It is also worth noting that I tune the resonance (bottom) heads first, then the batter (top) heads. The bottoms will be slightly lower than the top. If you already have both heads on the drum, make sure to muffle the one not being tuned by placing it on a pillow, in order to kill its resonance so you are focused only on the head you are trying to tune.

I have found that my rack toms are usually in the 55-60 tension range on batter heads, floor toms are in the 50-55 range, my basses are right at 50, and my snare is cranked way the hell up for an ear piercing CRACK, with a tension reading around 80-85.

Whether I am in my den, on a stage with no mics, or completely mic'd up, this type of tuning sounds AWESOME for rock/metal. If you use a lot of muffling, your drums will sound dead, and if in concert the crowd can't really hear what you're doing over the screaming guitars, bass, keyboard, and vocals. My opinion is to do away with muffling (except basses), get good heads with built-in muffling rings, learn to PROPERLY tune your drums, and be confident that you have a good sound.

If you find that you still have too much resonance, you can always put a piece of Moongel on your drumhead and it will take out some of the ringing. Look it up for more details about its use.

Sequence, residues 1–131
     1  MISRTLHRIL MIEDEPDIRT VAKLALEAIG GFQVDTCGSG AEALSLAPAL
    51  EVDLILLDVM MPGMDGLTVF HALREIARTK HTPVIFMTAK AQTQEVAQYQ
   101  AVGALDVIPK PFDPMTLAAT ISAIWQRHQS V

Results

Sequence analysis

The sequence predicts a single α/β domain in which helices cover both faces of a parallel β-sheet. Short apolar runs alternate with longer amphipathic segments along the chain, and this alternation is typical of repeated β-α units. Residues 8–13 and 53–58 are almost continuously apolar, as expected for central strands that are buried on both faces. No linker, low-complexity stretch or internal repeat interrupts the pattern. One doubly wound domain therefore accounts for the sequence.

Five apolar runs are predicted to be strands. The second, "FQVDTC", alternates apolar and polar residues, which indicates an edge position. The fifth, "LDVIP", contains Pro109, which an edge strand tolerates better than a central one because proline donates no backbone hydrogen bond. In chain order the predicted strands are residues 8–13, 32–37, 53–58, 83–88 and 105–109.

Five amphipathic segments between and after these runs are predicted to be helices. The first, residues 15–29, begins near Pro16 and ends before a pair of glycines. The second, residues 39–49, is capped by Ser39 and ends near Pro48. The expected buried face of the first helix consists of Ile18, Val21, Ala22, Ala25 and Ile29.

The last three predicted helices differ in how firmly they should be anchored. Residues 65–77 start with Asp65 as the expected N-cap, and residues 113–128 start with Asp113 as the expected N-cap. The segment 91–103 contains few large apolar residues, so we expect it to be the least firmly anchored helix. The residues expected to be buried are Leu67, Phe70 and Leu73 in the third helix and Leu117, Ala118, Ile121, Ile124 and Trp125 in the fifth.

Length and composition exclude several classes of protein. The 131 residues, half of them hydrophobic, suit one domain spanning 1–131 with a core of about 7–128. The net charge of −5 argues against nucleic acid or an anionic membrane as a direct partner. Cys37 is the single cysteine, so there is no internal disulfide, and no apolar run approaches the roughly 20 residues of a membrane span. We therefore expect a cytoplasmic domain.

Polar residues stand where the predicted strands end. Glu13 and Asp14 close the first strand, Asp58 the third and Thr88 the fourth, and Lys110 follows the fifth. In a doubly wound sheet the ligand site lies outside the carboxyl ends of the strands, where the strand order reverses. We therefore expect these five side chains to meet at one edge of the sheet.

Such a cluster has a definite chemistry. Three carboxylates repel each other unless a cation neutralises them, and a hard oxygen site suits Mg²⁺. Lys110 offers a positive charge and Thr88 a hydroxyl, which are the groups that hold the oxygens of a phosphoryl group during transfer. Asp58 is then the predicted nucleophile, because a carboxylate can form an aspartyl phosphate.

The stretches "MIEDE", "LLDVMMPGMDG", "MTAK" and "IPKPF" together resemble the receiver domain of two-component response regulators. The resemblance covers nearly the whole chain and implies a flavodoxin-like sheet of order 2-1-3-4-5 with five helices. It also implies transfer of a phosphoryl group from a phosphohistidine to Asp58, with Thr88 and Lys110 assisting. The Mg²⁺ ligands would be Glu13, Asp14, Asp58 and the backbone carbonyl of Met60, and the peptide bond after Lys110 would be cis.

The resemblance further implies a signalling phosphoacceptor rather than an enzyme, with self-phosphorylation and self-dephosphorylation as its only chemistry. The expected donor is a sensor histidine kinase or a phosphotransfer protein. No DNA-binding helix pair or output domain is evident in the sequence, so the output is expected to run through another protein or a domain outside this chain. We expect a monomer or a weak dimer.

There is a reason why drumhead manufacturers are now making their "top of the line" heads with built-in dampening rings. If you know what you're doing, these eliminate having strips of felt from hanging off your toms, napkins taped to heads, or some other "old school" trick for tuning your drumset. Technology advances...so should tuning techniques.


Last edited by CDWolfe; 06-05-2010 at 03:50 PM..
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  #2  
Old 06-05-2010, 12:19 AM
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Der Trommler Der Trommler is offline
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Re: Drum Tuning Tips


Nice post CDWolfe.

Quote:
A good quality drumhead will have a self dampening ring built into it, which cuts down on the overtones, but they also prevent the "dead head" sound of too much muffling.
Just wanted to add that good quality heads come 1 ply, 2 ply, 1 ply and 2 ply with varying degrees of dampening ranging from little too lots of dampening.

Expanding on the basis for deciding which heads you need:

What degree of dampening you require depends on a couple of things. First and most important is proper tuning (no heads are going to sound great without proper tuning), second is the thickness and material of the shells, third is what sounds good to you and the audience (whether they are listening live or by recording) and the last is the type of music you are playing. I am sure I have missed other reasons for varying degrees of dampening, but these are the big ones.
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Old 06-15-2010, 04:34 PM
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CDWolfe CDWolfe is offline
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Re: Drum Tuning Tips


One more thing I need to mention...